Perhaps not surprising, there are two other sources of inspiration for these Minnesota lawmakers and they are not Minnesota women.
Montana Superintendent of Public Instruction Denise Juneau. She ran unsuccessfully for Montana’s at-large congressional seat and would have been the first Native American woman to serve in Congress. “I so hope she runs again,” said Flanagan.
The other is the late Senator Paul Wellstone, D-Minn. Several of the four lawmakers worked on his campaigns or were involved in programs that he started or that were named after him.
Allen said successes by Native women and other minorities in Minnesota have much to do with local service experiences and the resources that are emerging to help minorities rise up in leadership roles.
The DFL leadership in the House of Representatives, for instance, gives candidates training for campaigning, fundraising and forming campaign committees. “They were a big help for me,” she said.
Another factor, Allen said, is that the women candidates do bring credentials to campaigns for public office. While women often have put careers on hold, she said, they have also been active at the local levels and in service clubs.
These same women have experienced obstacles like double standards, unequal opportunities, and often such basic problems as “what it’s like to live on the minimum wage,” she added.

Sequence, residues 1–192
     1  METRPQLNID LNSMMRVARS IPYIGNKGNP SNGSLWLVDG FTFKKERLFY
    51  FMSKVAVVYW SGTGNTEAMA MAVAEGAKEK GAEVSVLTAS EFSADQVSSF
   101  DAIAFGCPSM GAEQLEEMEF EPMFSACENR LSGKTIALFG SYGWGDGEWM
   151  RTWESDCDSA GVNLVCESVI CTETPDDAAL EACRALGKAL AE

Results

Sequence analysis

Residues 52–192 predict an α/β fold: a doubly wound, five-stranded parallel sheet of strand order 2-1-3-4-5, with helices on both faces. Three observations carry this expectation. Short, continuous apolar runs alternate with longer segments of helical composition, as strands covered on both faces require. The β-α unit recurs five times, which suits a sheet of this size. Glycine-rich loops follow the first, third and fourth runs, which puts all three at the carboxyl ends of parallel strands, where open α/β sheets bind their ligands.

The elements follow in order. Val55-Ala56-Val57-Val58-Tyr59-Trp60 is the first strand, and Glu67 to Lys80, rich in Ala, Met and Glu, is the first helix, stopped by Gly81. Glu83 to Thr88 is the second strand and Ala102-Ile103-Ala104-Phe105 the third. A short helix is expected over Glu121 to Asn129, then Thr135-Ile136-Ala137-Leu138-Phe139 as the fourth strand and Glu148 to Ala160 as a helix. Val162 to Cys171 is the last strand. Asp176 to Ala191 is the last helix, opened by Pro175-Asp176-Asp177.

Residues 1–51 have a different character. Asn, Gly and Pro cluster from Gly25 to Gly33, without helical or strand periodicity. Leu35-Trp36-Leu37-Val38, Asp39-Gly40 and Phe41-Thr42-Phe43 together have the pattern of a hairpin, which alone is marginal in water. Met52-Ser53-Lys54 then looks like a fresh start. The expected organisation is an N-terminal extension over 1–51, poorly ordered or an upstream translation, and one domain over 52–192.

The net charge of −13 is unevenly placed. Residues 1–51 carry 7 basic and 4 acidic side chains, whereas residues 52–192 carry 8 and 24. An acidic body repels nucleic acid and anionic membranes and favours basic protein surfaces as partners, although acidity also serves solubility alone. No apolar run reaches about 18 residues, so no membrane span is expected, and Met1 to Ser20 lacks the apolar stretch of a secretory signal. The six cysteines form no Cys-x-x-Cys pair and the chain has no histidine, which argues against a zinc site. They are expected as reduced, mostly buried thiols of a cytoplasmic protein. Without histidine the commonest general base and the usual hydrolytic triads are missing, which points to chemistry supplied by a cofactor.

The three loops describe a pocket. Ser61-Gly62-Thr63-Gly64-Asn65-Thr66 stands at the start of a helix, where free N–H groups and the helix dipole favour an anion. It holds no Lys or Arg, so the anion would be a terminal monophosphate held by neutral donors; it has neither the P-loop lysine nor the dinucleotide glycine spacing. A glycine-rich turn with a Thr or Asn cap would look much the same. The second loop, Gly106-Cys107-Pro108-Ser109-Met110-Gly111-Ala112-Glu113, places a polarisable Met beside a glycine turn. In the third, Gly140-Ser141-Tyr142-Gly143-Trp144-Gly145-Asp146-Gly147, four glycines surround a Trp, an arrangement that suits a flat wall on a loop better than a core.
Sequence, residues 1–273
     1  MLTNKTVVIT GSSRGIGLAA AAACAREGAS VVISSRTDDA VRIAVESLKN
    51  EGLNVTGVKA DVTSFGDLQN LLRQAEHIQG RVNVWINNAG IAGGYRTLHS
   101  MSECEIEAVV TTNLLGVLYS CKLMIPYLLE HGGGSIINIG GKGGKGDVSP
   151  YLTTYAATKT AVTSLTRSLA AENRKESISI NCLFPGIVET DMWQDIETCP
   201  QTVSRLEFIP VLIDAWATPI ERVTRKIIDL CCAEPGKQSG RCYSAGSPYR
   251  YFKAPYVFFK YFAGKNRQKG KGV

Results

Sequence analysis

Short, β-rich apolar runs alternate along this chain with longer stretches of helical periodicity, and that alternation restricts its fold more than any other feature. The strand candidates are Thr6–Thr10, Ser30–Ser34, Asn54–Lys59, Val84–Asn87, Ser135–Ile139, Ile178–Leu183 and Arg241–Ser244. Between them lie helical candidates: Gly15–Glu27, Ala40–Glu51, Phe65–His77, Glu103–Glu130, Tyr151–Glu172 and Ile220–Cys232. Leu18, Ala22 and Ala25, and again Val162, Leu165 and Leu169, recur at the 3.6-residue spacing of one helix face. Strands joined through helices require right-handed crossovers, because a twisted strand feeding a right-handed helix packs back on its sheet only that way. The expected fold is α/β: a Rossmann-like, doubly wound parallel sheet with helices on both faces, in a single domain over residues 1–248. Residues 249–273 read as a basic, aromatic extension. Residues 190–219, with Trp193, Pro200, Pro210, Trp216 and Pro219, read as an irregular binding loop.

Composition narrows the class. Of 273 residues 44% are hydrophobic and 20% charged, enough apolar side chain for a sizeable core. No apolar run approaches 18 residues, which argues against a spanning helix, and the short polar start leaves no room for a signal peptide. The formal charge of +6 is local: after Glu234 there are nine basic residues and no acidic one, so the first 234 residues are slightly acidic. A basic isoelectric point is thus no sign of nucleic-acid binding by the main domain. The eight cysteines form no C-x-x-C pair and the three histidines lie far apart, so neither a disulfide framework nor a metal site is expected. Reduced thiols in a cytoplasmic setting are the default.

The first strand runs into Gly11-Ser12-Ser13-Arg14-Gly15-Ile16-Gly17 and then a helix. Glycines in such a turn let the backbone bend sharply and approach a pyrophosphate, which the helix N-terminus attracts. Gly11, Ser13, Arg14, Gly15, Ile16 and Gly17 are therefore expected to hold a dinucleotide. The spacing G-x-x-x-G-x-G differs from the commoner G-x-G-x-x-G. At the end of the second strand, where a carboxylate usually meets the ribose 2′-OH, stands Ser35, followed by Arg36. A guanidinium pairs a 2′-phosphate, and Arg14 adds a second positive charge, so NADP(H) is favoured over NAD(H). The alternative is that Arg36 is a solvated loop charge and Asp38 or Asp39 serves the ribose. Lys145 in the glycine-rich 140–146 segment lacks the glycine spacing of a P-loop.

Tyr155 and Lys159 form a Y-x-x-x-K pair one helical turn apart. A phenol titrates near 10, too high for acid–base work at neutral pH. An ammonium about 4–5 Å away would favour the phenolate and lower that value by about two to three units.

The same obstacles to opportunities and advancement confront women in workplaces, in education, in the professions.
KuneshPodein said gains across all career and public service fields “are made only when we have corresponding opportunities and that requires inclusion in the process from the very beginning.
“The income and inequality gaps tell us we’re definitely not there for either women or minorities, she said. “But by working hard and supporting each other, we will know we can make an important difference.”
The four lawmakers were asked to identify issues that they will need to monitor and address going forward, both individually and jointly.
High among them are education and economic opportunities. Several cited the still-lagging education and graduation rates for Native and minority children. Allen specifically mentioned how states, Minnesota included, use federal grants and state funds to support needy families, and how those funds have not kept pace with inflation.
Great strides have been made in government-to-government relations with Governor Dayton, they said, but those ties and mutual respect between state agencies and tribal governments, for instance, have never been secure over time.
Mining issues, treaty rights and issues involving water are always matters that can spring on the Legislature and state government, they said. “Sometimes there is bias, and economic issues come into play,” said Allen. “That is always going to be here.”
Flanagan added that these are issues that affect all Minnesotans, not just the Native and minority communities.
Still, there are positive signs that all Minnesotans recognize these common interests. Flanagan and Allen both noted that three out of the four Native American lawmakers represent diverse, suburban legislative districts. “That should tell all Minnesotans that we (Natives) are everywhere,” Flanagan said.
In doing so, it shatters past images of suburbia just as much as it is chipping away at the glass ceiling over Native and all women’s heads.